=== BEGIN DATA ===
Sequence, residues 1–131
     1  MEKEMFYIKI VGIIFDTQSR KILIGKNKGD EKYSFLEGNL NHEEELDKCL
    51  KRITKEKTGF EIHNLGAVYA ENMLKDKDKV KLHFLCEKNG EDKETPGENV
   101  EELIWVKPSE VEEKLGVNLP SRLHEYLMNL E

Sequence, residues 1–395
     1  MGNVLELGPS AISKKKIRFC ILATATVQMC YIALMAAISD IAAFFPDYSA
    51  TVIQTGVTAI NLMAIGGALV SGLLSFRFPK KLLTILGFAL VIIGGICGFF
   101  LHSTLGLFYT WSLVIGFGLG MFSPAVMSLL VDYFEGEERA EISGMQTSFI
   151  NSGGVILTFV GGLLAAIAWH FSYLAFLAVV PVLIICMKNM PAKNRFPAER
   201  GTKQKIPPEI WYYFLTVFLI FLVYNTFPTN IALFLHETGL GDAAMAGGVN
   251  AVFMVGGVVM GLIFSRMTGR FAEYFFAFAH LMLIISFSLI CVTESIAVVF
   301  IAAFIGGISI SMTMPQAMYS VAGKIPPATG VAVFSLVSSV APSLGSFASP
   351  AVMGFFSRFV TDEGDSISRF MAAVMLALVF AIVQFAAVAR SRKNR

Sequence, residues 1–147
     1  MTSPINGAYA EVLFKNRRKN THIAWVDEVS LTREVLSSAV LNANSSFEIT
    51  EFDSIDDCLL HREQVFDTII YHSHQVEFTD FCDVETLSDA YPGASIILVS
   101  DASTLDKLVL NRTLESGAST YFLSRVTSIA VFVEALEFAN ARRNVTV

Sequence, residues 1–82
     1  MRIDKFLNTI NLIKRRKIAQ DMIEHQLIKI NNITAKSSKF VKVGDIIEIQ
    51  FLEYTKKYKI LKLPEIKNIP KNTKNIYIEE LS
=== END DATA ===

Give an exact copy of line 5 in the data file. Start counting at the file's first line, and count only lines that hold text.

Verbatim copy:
Sequence, residues 1–395